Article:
Flaunt your ca­bles and make your wires into a work of art

Yorkshire Post - Property - - PROPERTY - Robin and Pa­tri­cia Sil­ver

TAKE a look un­der­neath a desk in most of­fices and. apart from a pair of legs, you’ll find a pile of spaghetti. Not the Ital­ian pasta but a tan­gled mess of ca­bles and wires, of­ten cov­ered in thick dust, that are nec­es­sary for the para­pher­na­lia of a mod­ern com­mer­cial en­vi­ron­ment.

In the home, un­der a com­puter or be­hind a tele­vi­sion, the pic­ture’s much the same. Aerial leads and DVD ca­bles twist to­gether with speaker wires, tele­phone flexes and all the “spaghetti” needed to power up a nor­mal liv­ing room.

Even those of us with “WiFi” wire­less set-ups, still need power ca­bles as well as charg­ers for mo­bile phones, cam­eras, iPods, iPads and the like. With all the added gad­getry of satel­lite and cable boxes, com­puter games sta­tions and mu­sic sys­tems, let alone a sim­ple ta­ble lamp to help you see what you’re do­ing, the “spaghetti” some­times seems to be tak­ing over the home.

The trou­ble is that we want ev­ery­thing to look neat and or­derly with con­cealed wiring yet easy ac­cess if any change is re­quired. There are a host of giz­mos that will help our cable man­age­ment rang­ing from dis­creet holes or flaps in the back of cab­i­nets to all man­ner of hooks, clips and tubes that look like the ver­te­brae of snakes,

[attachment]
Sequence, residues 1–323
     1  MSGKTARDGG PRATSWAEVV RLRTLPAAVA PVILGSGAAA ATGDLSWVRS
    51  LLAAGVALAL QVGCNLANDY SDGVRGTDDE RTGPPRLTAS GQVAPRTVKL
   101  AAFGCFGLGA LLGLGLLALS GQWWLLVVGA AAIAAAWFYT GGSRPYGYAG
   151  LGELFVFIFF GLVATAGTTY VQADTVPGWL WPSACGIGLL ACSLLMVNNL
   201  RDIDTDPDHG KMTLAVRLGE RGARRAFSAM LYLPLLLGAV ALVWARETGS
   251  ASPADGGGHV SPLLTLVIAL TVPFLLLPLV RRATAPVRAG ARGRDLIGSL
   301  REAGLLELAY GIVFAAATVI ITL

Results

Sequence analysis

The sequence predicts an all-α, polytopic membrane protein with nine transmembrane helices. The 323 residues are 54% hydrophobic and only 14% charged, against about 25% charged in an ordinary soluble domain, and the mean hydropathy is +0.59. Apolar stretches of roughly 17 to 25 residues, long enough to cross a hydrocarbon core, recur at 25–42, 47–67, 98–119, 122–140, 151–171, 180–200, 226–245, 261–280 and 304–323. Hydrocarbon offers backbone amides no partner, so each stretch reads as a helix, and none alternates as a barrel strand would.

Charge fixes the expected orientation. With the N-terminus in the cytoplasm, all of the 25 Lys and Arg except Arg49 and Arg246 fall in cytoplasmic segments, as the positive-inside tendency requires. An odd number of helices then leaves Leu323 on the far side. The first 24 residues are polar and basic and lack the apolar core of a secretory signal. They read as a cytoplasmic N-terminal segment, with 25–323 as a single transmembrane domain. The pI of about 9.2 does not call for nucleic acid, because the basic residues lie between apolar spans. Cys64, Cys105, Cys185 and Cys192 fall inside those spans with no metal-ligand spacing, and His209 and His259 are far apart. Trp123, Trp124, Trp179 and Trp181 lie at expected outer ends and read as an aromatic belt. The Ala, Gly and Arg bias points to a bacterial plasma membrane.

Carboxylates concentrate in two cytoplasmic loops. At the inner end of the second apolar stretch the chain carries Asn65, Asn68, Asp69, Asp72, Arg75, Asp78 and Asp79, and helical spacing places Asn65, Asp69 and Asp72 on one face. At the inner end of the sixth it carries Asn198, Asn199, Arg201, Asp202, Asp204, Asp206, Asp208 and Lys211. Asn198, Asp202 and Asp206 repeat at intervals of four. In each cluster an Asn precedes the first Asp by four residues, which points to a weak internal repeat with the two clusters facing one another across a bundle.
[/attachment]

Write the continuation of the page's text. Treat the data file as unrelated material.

Many of them are about as ef­fec­tive as a bull­dog clip or an old fash­ioned clothes peg but while they tidy up the “spaghetti” none get rid of the prob­lem – all those wires.

One of the prob­lems is that rooms of­ten don’t have enough plug sock­ets. Even when there are enough, they’re in­vari­ably in the wrong place. You then need an ex­ten­sion cable with a four­way adap­tor and that means yet an­other cable and you run the risk of trip­ping over the wires as well.

Homes have far more ap­pli­ances than ever be­fore and the way we use rooms has also changed. Multi-func­tional space, es­pe­cially in quite small homes, of­ten re­places more pre­scrip­tive room def­i­ni­tions (din­ing, sitting, study etc.). Fit­ting ex­tra plug sock­ets is a ver­i­ta­ble night­mare. First of all there’s the dis­rup­tion and mess caused by break­ing into and then chas­ing out walls. Then the new wiring needs to be con­nected into the cir­cuits, which may re­quire al­ter­ations to the main fuse board.

Then comes re­plas­ter­ing and re­dec­o­rat­ing and a wall can end up look­ing so war-torn that the whole room re­quires a match­ing face-lift.

There are, how­ever, al­ter­na­tives. In 1955, Le Cor­bus­ier showed that ex­pos­ing wiring (and pipes for that mat­ter) in the Heidi We­ber Pavil­lion could be used as a dec­o­ra­tive fea­ture, es­pe­cially when they were high­lighted in con­trast­ing colours. In­stead of try­ing to hide your wires, em­brace them, draw inspiration from them and draw at­ten­tion to them. In this pic­ture, the orange ca­bles stand out against a grey wall and com­ple­ment the ex­posed brick­work with an en­gag­ing curly pat­tern.

It’s also a lot eas­ier to re­de­ploy if you ever need to change the room lay­out. So, don’t be a spaghetti maker, go out and flaunt your wires.

CON­NEC­TION: Put wires to work.

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